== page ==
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The Virus That Could Make Your Kids Sick: Two More People Infected With Enterovirus

CALHOUN COUNTY, Miss.–The enterovirus could put your kids in the hospital and now two more young children have been infected in Mississippi, said the State Department of Health Monday. Those people are in Calhoun and Forrest counties.

The virus generally is not deadly, but could cause breathing problems. It’s not new. Enterovirus D68, as it was designated by health officials, was first diagnosed 50 years ago, and it is common.

There are up to 10-15 million infections in the United States each year. EV-D68 is one type of enterovirus that has recently been identified as sometimes causing severe respiratory illnesses and hospitalization in children.

The first person infected in Mississippi was in Hancock County last week. That means Mississippi is one of 40 states where the virus has been confirmed.

“There have been some reports in Colorado of this virus potentially causing some cases of muscle weakness or paralysis. In Mississippi, we have not seen this with any of our three confirmed cases, but we are working with healthcare providers to identify any possible complications from this virus and to provide further guidance on testing, prevention and infection control,” said MSDH State Epidemiologist Dr. Thomas Dobbs, in a statement.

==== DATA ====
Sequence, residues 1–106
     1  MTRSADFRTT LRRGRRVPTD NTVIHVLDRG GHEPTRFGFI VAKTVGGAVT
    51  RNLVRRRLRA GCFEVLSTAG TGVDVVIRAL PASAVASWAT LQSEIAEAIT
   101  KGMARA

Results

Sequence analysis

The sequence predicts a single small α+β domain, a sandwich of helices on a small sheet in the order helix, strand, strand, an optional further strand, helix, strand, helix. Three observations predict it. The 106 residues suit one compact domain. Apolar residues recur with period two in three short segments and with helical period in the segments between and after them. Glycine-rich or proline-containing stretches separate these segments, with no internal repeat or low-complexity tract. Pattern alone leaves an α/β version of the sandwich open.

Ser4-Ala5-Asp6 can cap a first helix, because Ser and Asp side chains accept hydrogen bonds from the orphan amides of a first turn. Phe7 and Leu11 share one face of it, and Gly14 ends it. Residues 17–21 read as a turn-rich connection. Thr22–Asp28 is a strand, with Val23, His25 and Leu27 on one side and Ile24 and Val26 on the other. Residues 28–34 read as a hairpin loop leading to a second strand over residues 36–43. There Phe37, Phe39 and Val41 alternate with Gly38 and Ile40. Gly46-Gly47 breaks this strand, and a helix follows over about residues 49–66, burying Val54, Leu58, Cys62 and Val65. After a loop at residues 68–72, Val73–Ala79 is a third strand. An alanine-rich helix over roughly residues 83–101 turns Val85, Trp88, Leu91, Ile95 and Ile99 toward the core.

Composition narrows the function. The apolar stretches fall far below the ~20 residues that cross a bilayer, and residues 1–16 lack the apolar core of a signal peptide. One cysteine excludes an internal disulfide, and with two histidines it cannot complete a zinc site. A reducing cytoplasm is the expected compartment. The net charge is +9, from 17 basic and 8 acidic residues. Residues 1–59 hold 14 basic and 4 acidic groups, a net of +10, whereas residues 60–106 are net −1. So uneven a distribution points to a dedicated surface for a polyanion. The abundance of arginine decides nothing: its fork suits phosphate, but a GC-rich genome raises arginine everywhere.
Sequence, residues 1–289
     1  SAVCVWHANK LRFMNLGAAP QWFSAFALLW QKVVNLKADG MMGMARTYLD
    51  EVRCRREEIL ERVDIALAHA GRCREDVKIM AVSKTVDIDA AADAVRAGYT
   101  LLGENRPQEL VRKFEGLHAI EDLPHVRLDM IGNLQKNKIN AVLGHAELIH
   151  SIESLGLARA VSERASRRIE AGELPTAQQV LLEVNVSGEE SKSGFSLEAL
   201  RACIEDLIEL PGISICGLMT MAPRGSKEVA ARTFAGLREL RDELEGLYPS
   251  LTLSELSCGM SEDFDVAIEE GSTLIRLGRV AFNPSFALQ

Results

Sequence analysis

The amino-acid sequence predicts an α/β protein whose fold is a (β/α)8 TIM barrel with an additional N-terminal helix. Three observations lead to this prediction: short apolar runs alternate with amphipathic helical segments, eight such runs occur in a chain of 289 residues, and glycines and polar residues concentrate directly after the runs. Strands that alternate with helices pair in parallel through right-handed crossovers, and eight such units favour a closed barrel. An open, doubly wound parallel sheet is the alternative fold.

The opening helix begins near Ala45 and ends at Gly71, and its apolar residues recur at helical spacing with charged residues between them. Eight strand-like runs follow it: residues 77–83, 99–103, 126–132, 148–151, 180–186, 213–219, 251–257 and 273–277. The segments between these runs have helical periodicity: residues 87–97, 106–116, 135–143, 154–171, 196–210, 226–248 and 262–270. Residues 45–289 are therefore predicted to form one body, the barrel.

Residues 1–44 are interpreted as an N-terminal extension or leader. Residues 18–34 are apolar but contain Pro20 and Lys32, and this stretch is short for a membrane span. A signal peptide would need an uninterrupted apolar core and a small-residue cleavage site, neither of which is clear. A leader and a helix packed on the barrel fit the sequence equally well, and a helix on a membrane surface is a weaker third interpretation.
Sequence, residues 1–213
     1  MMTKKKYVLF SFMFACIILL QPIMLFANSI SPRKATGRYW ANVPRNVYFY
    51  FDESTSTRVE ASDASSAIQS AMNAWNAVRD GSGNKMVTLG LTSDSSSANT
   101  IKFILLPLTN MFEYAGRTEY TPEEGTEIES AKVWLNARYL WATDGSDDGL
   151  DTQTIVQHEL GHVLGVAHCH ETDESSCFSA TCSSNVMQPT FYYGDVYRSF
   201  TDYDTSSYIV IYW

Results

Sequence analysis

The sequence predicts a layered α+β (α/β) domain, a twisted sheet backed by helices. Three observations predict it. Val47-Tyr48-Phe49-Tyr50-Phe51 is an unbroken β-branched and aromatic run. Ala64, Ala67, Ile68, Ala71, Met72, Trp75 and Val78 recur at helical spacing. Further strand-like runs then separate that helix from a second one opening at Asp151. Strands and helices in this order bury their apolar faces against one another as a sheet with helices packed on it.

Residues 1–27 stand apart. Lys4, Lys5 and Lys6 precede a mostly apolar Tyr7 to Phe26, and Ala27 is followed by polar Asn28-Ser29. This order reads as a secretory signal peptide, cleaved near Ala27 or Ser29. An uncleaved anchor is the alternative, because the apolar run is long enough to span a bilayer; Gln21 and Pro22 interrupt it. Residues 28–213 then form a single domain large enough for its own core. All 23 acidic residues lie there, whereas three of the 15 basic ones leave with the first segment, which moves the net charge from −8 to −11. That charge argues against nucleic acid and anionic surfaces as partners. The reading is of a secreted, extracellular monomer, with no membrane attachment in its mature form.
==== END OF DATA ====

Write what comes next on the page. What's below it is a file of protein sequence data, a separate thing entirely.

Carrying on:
Here’s what you need to know:

Symptoms of EV-D68 are very similar to the common cold, and include fever, runny nose, sneezing, cough, and body and muscle aches. While most cases of illness are mild, children (newborns through teenagers) are most likely to become seriously ill, and those with asthma or underlying health conditions have a greater chance of complications from the virus.

“While there is no vaccine, there are some basic preventive measures you can take to prevent infection from EV-D68, as well as other viral illnesses such as flu,” said Dr. Dobbs.

Basic preventive measures include the following:

  • Stay home (or keep children home) when ill and consult your healthcare provider.
  • Wash hands frequently with soap and water for 20 seconds.
  • Avoid touching eyes, nose and mouth with unwashed hands.
  • Avoid kissing, hugging, and sharing cups or utensils with ill people.
  • Disinfect frequently touched surfaces such as toys and doorknobs, especially if someone is sick.

For more information, visit the MSDH website at HealthyMS.com/EV.

 

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